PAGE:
I lose another hour to the details of a couple dying from smoke inhalation after rushing into their neighbour’s burning house in Dundee to help evacuate the young children, and a young woman dying from a severe allergic reaction after performing mouth-to-mouth resuscitation on her best friend who choked on an M&M. Their names and lives are forever embossed as #TodaysHeroes. People will mourn the world’s loss of such brave, intrepid, selfless souls for years to come.
The weight of who I am not hangs around my shoulders like a moulding fur by the time I close my laptop in the small hours of the morning. It will be light soon, and then I will dress, go to work, perform, receive the biggest adulations of my life in the form of a pat on the back, and return home completely devastated by the averageness of it all. My safety and my imagination wear on each other daily like two thugs contained in facing prison cells. I am the victim they left behind to salvage a life in what we all know to be a harsh reality.
I crank out of my hunch and stretch my legs, yawning. Just as I stand, a loud scream rips through the balmy night. My knees lock to keep myself from falling as my senses crackle in the dark. Fear gulps at my eardrums but the adrenaline spiking in my chest propels me to my front door and down into the stairwell before I have the chance to think. I throw my body down the stairs of my building and wrench open the front door. As I run out into the night, I hear other front doors slamming shut on the street. I put my head down and run towards the park, racing the other phantom heroes.
The park is just minutes from my door but those few minutes are all it takes for it to be swarming with pyjama-d citizens. A bubble have formed around the entrance, all turned into face the evidence lying on the road. I squeeze my way into the group, standing on my tip-toes to try and get a better view. I accidentally knock into another woman beside me and she throws me a frown. I smile apologetically and offer an ice-breaker.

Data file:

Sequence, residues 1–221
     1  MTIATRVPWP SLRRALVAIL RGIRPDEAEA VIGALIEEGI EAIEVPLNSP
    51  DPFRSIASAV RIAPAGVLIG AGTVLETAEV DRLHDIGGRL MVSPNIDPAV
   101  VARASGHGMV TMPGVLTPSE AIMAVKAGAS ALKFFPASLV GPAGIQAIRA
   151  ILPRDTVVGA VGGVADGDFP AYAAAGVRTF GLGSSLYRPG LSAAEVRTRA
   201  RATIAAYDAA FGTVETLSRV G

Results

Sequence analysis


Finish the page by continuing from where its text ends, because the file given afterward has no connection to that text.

“Has anyone called emergency services?”
“Ambulance and the police are on their way,” she replies stiffly.
I nod before adding, “And the press?”
“The first guy here tweeted it to the BBC,” she nods.
“Good, good,” I mutter, still failing to see over the heads of the crowd. Suddenly, they part slightly and I spot an opening as someone backs out belatedly rubbing sleep from their eyes. I squeeze in before the crowd swallows it up again.
I push closer to the front with a little more belligerence this time. Over the buzz of the crowd I hear a soft sobbing. Breaking through the front line, I finally see the owner of the sobs illuminated in the harsh light of a few iPhone torches. The young man is bent over the body of a young woman, muttering to her softly through his tears. Even though she is dead, her body still pumps blood through the gash in her stomach.
“Romeo and Juliet,” I gasp to myself.
“That’s what Twitter’s calling it,” the man to my left answers. “Some bastard tried to mug him and she got between them when he pulled out a knife.”
“Oh my god. Do we know who they are?”
“Don’t you recognise him? He’s an actor.” My eyebrows shoot up.
“You’re right! I’ve seen him in films! I thought he was in L.A… Was the girl his girlfriend?”